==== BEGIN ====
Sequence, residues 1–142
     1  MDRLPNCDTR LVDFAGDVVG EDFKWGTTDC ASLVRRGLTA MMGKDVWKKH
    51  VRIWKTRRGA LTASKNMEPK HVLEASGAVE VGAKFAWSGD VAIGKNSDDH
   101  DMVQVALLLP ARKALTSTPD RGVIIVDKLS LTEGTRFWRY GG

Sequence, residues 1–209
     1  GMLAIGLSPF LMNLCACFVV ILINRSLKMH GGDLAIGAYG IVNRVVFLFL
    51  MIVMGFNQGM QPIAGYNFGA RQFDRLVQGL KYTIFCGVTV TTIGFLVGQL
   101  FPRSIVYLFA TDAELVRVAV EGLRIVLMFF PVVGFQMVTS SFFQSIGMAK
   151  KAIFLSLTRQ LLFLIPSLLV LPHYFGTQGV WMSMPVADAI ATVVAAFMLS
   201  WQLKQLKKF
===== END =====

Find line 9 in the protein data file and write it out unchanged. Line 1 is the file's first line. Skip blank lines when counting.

   151  KAIFLSLTRQ LLFLIPSLLV LPHYFGTQGV WMSMPVADAI ATVVAAFMLS